Established in 1913, Plunkett Cooney employs nearly 300 employees, including approximately 145 attorneys in eight Michigan cities, as well as in Chicago, Illinois, Columbus, Ohio and Indianapolis, Indiana. The firm, which provides a range of transactional and litigation services, has achieved the highest rating (AV) awarded by Martindale-Hubbell. Fortune magazine has also named Plunkett Cooney among the top commercial firms in the United States.

For more information about Josephine DeLorenzo’s appointment as commissioner-at-large of the SBM Board of Commissioners, contact the firm’s Director of Marketing & Business Development John Cornwell at (248) 901-4008 or

Howard & Howard Ranked Among Nation’s 2019 “Best Law Firms” by U.S. News – Best Lawyers

Royal Oak, Michigan, November 13, 2018: Howard & Howard has been named to the 2019 U.S. News & World Report and Best Lawyers® “Best Law Firms” list in the following areas:

• Ann Arbor
o Litigation – Intellectual Property

• Las Vegas
o Construction Law
o Franchise Law

• Troy
o Commercial Litigation
o Energy Law
o Litigation – Intellectual Property
o Litigation – Patent
o Patent Law
o Trademark Law

• Ann Arbor
o Commercial Litigation

• Las Vegas
o Arbitration
o Commercial Litigation
o Employment Law – Management
o Labor Law – Management
o Litigation – Construction
o Patent Law

• Troy
o Bankruptcy and Creditor Debtor Rights / Insolvency and Reorganization Law
o Labor Law – Management
o Trusts & Estates Law

• Las Vegas
o Litigation – Labor & Employment
o Real Estate Law
o Trademark Law

• Troy
o Corporate Law

Firms included in the 2019 “Best Law Firms” list are recognized for professional excellence with consistently impressive ratings from clients and peers. Achieving a tiered ranking signals a unique combination of quality law practice and breadth of legal expertise.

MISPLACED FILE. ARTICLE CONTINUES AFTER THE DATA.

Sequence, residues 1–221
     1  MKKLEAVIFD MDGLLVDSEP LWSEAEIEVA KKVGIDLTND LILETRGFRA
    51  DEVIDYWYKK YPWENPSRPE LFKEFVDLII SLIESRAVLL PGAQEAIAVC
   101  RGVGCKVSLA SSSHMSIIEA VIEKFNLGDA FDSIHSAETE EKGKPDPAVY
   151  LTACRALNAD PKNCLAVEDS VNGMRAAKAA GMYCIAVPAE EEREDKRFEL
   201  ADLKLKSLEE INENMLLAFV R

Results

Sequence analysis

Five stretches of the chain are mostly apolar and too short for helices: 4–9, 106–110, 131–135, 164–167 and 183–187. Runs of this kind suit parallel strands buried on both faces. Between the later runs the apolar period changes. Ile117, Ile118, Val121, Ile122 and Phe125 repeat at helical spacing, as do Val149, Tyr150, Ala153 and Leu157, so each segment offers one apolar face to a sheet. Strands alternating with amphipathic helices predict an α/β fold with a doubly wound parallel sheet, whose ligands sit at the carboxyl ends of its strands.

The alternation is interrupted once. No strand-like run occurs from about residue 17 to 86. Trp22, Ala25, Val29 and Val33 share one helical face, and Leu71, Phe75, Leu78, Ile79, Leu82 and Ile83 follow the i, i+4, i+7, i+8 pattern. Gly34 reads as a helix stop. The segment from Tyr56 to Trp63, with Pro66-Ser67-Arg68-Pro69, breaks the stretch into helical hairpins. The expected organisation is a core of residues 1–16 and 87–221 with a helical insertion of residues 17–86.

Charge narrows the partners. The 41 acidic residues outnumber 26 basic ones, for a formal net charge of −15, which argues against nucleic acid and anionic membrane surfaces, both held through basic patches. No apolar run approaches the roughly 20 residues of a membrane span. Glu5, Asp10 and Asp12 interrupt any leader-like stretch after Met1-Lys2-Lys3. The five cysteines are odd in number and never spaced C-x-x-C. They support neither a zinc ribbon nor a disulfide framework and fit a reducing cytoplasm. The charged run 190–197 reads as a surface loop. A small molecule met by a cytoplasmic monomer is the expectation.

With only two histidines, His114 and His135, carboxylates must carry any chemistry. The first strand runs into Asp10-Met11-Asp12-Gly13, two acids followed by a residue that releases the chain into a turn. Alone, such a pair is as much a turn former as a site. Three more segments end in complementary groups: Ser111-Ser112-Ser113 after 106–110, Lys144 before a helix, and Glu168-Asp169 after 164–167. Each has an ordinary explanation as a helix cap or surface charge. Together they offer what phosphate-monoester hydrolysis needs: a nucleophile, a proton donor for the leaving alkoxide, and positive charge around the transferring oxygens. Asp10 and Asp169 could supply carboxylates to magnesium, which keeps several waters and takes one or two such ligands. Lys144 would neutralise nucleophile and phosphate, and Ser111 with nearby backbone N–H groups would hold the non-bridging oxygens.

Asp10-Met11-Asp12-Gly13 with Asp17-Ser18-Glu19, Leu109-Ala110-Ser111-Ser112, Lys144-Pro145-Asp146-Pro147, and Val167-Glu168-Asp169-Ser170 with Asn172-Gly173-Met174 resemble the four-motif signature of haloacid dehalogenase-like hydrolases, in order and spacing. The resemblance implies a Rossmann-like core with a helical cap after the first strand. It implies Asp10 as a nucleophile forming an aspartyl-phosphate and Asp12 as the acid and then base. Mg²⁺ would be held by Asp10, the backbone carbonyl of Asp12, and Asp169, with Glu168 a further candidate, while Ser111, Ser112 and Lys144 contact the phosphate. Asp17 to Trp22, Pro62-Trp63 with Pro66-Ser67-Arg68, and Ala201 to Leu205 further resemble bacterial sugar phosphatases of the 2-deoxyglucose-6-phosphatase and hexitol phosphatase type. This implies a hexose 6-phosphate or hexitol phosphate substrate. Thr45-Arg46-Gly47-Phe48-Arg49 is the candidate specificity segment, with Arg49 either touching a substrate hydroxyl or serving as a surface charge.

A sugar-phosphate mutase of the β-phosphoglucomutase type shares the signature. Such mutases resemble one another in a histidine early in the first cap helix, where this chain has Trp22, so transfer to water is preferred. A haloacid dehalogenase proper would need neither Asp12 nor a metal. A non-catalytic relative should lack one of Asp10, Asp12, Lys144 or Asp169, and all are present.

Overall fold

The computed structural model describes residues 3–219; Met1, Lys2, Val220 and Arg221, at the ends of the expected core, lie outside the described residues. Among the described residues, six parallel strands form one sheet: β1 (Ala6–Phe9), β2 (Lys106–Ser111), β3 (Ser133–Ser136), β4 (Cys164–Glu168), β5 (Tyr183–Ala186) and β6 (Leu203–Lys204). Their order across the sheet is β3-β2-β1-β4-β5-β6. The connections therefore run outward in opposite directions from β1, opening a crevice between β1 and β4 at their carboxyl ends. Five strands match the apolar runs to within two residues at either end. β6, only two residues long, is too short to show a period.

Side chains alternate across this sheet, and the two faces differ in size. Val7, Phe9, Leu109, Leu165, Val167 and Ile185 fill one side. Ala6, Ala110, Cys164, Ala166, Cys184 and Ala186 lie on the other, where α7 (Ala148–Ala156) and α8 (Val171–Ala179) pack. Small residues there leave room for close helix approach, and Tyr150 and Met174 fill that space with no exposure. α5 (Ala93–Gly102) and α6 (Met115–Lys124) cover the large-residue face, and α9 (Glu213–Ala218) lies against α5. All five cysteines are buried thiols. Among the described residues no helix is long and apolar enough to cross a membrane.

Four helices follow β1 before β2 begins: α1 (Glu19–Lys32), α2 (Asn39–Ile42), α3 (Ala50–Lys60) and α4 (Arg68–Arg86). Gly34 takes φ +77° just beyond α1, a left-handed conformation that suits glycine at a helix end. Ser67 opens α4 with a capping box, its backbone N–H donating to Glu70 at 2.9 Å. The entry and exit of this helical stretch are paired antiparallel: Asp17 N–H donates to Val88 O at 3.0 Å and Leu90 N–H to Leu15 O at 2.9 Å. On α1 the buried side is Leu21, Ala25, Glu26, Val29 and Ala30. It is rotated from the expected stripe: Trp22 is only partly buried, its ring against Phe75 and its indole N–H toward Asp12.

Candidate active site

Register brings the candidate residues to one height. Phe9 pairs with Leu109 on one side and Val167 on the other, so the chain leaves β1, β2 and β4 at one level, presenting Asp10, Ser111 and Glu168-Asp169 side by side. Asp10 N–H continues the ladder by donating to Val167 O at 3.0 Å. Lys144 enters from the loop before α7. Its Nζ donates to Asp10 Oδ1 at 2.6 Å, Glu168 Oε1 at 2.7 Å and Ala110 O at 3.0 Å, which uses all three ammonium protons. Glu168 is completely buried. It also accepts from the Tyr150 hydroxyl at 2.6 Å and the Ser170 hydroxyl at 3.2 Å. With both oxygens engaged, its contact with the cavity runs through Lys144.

The 2019 rankings are based on the highest number of participating firms and highest number of client votes received on record. To be eligible for a ranking, a firm must have a lawyer recognized first in The Best Lawyers in America, which recognizes the top five percent of practicing attorneys in the U.S. Over 16,000 lawyers provided more than 1,125,000 law firm assessments, and almost 12,000 clients provided more than 107,000 evaluations.

About “Best Law Firms”
The U.S. News – Best Lawyers® “Best Law Firms” rankings are based on a rigorous evaluation process that includes the collection of client and lawyer evaluations, peer review from leading attorneys in the field, and review of additional information provided by law firms as part of the formal submission process. To be eligible for a 2019 ranking, a law firm must have at least one lawyer recognized in the 24th Edition of The Best Lawyers in America list for that particular location and specialty.

About Howard & Howard
Founded in 1869, Howard & Howard is a full-service law firm with a national and international practice that provides legal services to businesses and business owners. The firm has offices in Michigan (Ann Arbor and Royal Oak); Illinois (Chicago and Peoria); Las Vegas, Nevada; and Los Angeles, California. Howard & Howard’s major areas of practice include: bankruptcy and creditors’ rights; business and corporate; commercial litigation; employee benefits; environmental; estate planning; franchising; intellectual property; labor, employment and immigration; mergers and acquisitions; real estate; securities; and tax. Our distinguished backgrounds provide us with a solid understanding of the industries we serve, including, automotive and industrial; cannabis; commodity futures; construction; energy and utilities; financial services; gaming; healthcare; and hospitality. For more information, please visit the firm’s website at

Butzel Long attorney Mark Lezotte will moderate panel during Automation Alley’s Integr8™ Conference on November 14 in Detroit

DETROIT, Mich. – Mark Lezotte, a leading southeast Michigan health care attorney with Butzel Long, will moderate a panel program during Automation Alley’s Integr8™: The Industry 4.0 Conference on Thursday, November 14, 2018 at the Renaissance Center in Detroit. The focus of the panel discussion is: “Big Data and Artificial Intelligence’s Impact on Health Care.”

Panelists for the session include: Kevin Lasser, CEO, JEMS Technology; Gloria Jen, Director of Clinical Operations, Clinical Development, SRI Biosciences; Brian Crutchfield, Vice President and General Manager of Materialise; and, Dr. Ryan J. Nelson, Michigan Institute of Urology. The panel will discuss technology and medical innovation, and the effect on improved health outcomes, quality, and cost containment.